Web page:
Even over the weekend, they say “We’ll phone you tomorrow” and it might be a Sunday morning and they’ll phone me up and ask how I’m doing, make sure I’m alright and that everything is ok. No-one else would do that. They tell me to ring them if I’ve got any problems. It doesn’t matter if it’s morning or night, a weekday or the weekend, I can give them a ring. Also, whenever I’ve needed to speak to them, if the person I’ve needed to speak to wasn’t available, they always phone back. They might say “Oh she’s out on visits, but I’ll make sure she calls you back” and she always does, which is brilliant. At a lot of places they don’t. You get used to people not phoning you back! But Phyllis Tuckwell have never let me down, they’ve always phoned back.
There’s nobody else that I could rely on like that. They were there when I was at my lowest, and have been ever since, they always have been.” “If I need to speak to someone, I always phone Annabelle first and see what she says, get her expertise. I feel comfortable speaking to her, like she’s part of the family in a way, although she’s not. I feel that I can confide in her. I feel more comfortable speaking to her than I would calling the oncologist or the doctors, for example. I can speak to her on a personal level. She knows and understands who I am as a person, rather than just seeing me as someone with a problem. To be able to access that professionalism and feel that comfortable about it is a Godsend. When all about you is falling apart, there is that feeling of security that there’s someone there.”
“I feel comfortable coming to the Hospice as well,” continues Matt. “I quite like coming here. There’s a feeling of calm and everyone’s really nice. I’ve had an occasion when I was here to be assessed for the physiotherapy exercise class and I felt a bit unwell, and everybody without any fuss cottoned on to that fact. They sat me down and somebody got me a glass of water, so I sat for 20 minutes or so until I felt a bit better and could carry on. They got the situation under control without having a big drama about it – because it can be a bit embarrassing, you know. I didn’t need to say anything. They couldn’t have done enough. It was a safe environment.”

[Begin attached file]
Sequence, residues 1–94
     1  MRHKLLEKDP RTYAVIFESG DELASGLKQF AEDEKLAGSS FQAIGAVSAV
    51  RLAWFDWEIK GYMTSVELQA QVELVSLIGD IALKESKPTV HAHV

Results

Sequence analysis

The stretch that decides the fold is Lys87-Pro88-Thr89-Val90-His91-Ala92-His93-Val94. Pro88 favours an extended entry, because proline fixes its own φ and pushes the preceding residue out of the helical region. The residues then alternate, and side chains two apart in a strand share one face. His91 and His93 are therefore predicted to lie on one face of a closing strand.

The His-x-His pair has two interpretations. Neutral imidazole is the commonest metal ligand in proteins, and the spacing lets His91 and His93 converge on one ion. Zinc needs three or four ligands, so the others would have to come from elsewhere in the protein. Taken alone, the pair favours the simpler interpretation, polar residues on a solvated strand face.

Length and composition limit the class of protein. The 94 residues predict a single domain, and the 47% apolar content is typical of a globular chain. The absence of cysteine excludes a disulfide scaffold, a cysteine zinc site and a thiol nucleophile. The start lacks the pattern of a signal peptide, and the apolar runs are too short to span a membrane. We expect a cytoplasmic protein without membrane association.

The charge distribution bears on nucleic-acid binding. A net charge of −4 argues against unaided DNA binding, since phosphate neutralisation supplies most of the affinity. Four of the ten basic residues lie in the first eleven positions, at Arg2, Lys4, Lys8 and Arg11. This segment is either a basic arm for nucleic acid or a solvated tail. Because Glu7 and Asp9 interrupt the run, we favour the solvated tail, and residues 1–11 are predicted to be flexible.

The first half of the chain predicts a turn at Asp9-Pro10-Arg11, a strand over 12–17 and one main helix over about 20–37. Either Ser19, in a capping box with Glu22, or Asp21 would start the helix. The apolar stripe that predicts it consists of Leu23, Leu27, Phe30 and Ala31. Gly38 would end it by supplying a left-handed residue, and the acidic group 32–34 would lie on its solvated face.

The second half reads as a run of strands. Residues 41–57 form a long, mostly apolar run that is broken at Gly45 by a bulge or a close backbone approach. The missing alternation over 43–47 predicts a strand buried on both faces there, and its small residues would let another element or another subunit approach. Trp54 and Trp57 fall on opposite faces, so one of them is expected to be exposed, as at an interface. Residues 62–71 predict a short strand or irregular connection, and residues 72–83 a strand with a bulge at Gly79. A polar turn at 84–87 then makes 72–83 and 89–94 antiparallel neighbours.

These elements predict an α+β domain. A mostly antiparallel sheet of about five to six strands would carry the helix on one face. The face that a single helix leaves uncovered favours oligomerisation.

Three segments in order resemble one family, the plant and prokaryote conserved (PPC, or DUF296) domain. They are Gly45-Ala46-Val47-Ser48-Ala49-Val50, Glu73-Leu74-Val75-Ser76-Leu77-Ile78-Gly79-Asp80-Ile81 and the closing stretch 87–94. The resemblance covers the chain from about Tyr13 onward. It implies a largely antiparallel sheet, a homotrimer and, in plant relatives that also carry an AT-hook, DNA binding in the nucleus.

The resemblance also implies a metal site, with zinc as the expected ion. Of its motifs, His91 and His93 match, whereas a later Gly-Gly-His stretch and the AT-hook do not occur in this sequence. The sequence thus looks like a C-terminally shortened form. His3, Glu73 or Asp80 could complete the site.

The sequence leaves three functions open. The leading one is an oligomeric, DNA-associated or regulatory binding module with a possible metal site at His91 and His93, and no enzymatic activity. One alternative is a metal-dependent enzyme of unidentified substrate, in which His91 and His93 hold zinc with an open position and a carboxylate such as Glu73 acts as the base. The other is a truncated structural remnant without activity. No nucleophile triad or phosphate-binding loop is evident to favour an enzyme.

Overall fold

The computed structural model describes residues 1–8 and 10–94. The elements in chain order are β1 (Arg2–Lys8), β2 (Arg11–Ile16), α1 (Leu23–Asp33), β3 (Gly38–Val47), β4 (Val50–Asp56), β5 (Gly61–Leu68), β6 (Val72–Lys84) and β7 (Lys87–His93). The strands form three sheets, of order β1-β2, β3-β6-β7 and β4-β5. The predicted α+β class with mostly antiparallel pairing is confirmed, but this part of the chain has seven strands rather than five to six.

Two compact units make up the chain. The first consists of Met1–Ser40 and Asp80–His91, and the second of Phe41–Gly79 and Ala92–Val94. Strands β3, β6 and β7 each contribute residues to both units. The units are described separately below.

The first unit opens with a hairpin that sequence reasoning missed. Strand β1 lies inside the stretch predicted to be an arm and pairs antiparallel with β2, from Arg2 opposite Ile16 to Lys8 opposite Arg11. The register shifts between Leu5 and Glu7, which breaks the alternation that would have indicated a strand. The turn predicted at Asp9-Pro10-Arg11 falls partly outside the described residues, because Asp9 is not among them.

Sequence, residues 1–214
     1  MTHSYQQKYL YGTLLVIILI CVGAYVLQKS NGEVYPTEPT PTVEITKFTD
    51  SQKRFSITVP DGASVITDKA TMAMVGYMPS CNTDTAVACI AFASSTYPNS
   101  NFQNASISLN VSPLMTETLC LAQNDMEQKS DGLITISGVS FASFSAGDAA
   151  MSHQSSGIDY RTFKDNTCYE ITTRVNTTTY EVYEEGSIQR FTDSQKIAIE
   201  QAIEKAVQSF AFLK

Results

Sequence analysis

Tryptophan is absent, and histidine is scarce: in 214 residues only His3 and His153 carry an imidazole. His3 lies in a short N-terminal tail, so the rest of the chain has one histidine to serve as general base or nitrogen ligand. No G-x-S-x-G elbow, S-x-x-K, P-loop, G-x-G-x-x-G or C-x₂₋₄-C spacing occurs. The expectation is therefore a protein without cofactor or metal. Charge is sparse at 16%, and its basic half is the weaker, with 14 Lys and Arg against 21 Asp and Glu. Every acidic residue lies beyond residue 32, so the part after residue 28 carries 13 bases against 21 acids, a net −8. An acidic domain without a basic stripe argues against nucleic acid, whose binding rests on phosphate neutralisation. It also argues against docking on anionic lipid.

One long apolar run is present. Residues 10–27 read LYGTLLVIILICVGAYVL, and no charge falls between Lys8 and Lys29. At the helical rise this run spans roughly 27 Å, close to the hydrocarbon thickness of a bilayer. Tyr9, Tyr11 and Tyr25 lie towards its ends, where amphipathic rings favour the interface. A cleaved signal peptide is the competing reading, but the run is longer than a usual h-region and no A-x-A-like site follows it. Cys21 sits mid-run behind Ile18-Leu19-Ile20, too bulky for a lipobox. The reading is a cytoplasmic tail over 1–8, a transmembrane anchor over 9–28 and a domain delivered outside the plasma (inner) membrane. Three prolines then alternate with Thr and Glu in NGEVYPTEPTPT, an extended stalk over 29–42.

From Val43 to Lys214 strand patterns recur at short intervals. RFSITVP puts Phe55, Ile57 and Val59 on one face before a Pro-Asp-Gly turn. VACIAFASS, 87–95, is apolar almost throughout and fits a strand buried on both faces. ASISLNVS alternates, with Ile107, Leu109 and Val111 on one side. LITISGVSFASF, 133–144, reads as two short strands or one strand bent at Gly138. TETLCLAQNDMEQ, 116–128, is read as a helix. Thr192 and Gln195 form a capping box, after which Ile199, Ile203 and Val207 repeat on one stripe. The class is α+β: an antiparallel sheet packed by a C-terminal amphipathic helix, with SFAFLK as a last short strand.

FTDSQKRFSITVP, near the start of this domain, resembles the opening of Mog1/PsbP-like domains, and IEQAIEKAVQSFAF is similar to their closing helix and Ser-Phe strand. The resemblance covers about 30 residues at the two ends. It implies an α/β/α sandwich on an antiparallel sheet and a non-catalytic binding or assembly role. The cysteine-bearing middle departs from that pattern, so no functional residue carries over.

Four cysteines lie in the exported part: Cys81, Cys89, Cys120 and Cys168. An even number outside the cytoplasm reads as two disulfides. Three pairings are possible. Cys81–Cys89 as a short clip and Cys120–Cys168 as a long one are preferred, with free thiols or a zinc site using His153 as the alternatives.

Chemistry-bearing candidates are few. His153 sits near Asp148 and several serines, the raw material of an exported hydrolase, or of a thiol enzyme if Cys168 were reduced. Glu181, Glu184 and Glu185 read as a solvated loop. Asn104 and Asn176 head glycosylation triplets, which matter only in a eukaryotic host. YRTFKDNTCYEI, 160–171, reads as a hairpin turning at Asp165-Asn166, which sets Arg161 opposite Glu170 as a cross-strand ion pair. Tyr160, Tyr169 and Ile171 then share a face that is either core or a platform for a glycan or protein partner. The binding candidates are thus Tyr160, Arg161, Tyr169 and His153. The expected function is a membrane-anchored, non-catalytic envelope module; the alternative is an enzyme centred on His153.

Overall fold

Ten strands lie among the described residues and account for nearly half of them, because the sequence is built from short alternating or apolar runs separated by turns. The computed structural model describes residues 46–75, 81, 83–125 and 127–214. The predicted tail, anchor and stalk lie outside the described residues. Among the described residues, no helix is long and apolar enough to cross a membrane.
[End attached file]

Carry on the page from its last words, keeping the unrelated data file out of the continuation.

“The word ‘Hospice’ scares a lot of people. If I say to my friends that I’m going to the Hospice, they look at me with horror! They think I’ll be there for a couple of weeks and that’ll be the end of it. So I explain what it is, that I’m coming here for counselling or an exercise class or reflexology, and that ‘Hospice’ is just the name of the building. They’re associating it with end of days rather than better days, that’s how I feel about it. Before I’d been here, I had that feeling too. When somebody first mentioned the Hospice, with my diagnosis, which was terminal, I thought ‘oh here we go’, but as soon as I walked in the building I didn’t feel that way. Once I’d visited and spoken to a few people and understood what went on here, then it didn’t bother me or faze me or frighten me at all. I felt quite comfortable coming here. It’s a place of positivity. I’ve always felt that since I first visited.”